Kaneland Krier

Defining the line of success

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Defining the line of success

Art by Austin Paulson

Art by Austin Paulson

Art by Austin Paulson

Art by Austin Paulson

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Juniors are being prepped for the ACT, the test that will determine students’ college acceptances, and in some cases, the amount of scholarship money a college will offer a prospective student. In past years, it’s been up to the student’s (and in most cases, parents’) discretion whether the student enrolls in an ACT program or chooses to do nothing.

This year, however, it’s nothing like it used to be—all juniors were required to sign contracts and many are doing mandatory ACT prep.

“I personally thought that [the contracts] weren’t helpful to me at all because someone can’t force me to do well on the ACT. The way I see it, it’s my future and I’m my own motivation; I don’t need a contract to enable me to do better,” junior Angalia Carbonara said.

Juniors were required to fill out a contract setting ACT goals for themselves and threatened with a STEP detention if they failed to return it with both parent and faculty signatures. A smaller group of juniors on the “bubble”—in other words, students two points above or below the benchmarks—were singled out for a second assembly and required to get assistance either through a formal ACT prep class or E2020, a program students are able to do online that is another method of preparation. For students in the bubble, is required.
It’s no suprise the students reacted negatively. Forcing some type of preparation from students isn’t ideal. The students who had to do it wondered why it was only them.

We agree that change isn’t easy, and we think that it could be implemented more smoothly, but we applaud the administration for standing by the mission statement of making every student college-, career- and community-ready.

Last year, few juniors were in favor of going into STEN to participate in mandatory math power review sessions. Yet the average student gain was 2.6 points on the ACT. Clearly it was something we needed, even if it wasn’t something we wanted.

Yes, the current plan isn’t perfect, but this is just the beginning of the initiative. The longer the administration administers the tests and enforces the contracts, the more efficient and successful the plan is likely to be.

“Eventually all grade levels will be preparing. We had to start somewhere,” Ryan Malo, English teacher and RTI coordinator, said.

Some students may argue that the school has only its own interest in mind and that the tests scores will give us more money from the state. The truth of the matter is the school won’t benefit financially. Raising student ACT scores can benefit the school by improving the community’s overall perception of the education KHS provides. Other than that, the only thing the administration will truly gain is pride. The test that effects the school’s federal financing under No Child Left Behind is the PSAE, not the ACT.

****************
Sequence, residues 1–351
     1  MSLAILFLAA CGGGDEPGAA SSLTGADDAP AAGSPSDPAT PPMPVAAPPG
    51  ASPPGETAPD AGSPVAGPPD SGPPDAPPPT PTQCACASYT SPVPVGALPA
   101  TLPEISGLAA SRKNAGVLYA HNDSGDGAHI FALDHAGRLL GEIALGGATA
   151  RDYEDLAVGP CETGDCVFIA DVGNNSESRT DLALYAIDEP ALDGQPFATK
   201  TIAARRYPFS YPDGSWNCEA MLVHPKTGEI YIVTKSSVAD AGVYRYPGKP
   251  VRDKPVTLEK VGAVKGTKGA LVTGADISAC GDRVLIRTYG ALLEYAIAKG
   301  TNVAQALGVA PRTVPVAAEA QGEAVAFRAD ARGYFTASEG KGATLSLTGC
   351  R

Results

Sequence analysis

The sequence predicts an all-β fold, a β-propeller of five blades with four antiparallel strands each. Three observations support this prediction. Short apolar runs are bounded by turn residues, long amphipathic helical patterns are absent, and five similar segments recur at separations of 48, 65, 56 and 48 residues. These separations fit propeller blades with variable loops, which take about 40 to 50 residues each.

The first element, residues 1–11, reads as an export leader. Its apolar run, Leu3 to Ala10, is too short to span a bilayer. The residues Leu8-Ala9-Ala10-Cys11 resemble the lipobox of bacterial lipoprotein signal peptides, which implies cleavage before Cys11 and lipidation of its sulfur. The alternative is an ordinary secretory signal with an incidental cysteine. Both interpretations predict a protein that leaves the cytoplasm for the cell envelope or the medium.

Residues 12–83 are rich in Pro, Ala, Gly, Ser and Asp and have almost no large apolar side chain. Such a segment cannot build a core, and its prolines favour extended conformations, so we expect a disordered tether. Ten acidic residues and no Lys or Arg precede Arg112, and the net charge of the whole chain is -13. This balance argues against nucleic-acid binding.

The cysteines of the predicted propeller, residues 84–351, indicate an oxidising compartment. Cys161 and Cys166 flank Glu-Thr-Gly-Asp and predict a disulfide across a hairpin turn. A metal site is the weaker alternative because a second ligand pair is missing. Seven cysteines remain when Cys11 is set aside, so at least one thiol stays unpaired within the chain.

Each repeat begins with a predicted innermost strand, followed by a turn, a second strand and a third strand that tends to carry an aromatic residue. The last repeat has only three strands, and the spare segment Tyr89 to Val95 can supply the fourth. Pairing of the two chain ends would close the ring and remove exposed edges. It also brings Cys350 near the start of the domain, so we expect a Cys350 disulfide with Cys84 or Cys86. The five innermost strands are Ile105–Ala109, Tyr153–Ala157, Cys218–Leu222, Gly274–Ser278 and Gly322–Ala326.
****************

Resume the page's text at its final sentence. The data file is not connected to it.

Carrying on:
Another student concern was that not everyone seemed to be recieving the same amount of attention. Why should the students in the bubble be intensely focused on close the the ACT? Why not everyone?

“Students below the benchmark are provided the same resources and additional resources, the only difference is it’s throughout the whole year. The bubble students are able to improve with a 6-8 week program because of the amount of points,” Chip Hickman, principal, said.

The students who exceed the benchmarks are getting regular attention during school, like any other student but aren’t required to prepare for the ACT through a class or a program like E2020.

Students excessively below or above the benchmarks are being focused on, but there are significant differences between the groups, in terms of individual attention. The bubble students can be addressed in an assembly, the lower-end students can’t be.

A flaw we saw in this was forcing the worksheets so much so that students were threatened with STEP detentions. As teenagers, rebellion arises and following the rules doesn’t exactly come natural to us. Next year, because the administration openly asked for ideas to use for our study halls, we suggest offering ACT preparation classes, free of charge. The cost of ACT classes is a chunk of change and there’s only so much material a computer screen can truly teach someone. Make them ACT-driven and make them optional. More students will take them seriously if they can seek help on their own, without force. Consistently incorporating ACT practice throughout high school and even integrating programs into middle school curriculum can greatly benefit the students who aren’t accustomed working under a time limit.

Clearly, emphasis throughout grade levels can be beneficial. Throwing ACT preparation material at us during the middle of junior year might help some, but we have to be realistic. We have to have realistic goals and realistic expectations. ACT scores don’t affect the school’s budget, we should take the programs seriously. But the administration has to do the same with our concerns.

A 2010 study in the Journal of Applied Psychology noted that more than 400 scientific studies had found that goal setting activities made people more likely to reach their goals. That’s the exact reason the administration prompted the junior class to do what they’re doing now. We all have potential; it just comes down to who makes the most of their opportunities.

So, let’s make the most of this plan.

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Defining the line of success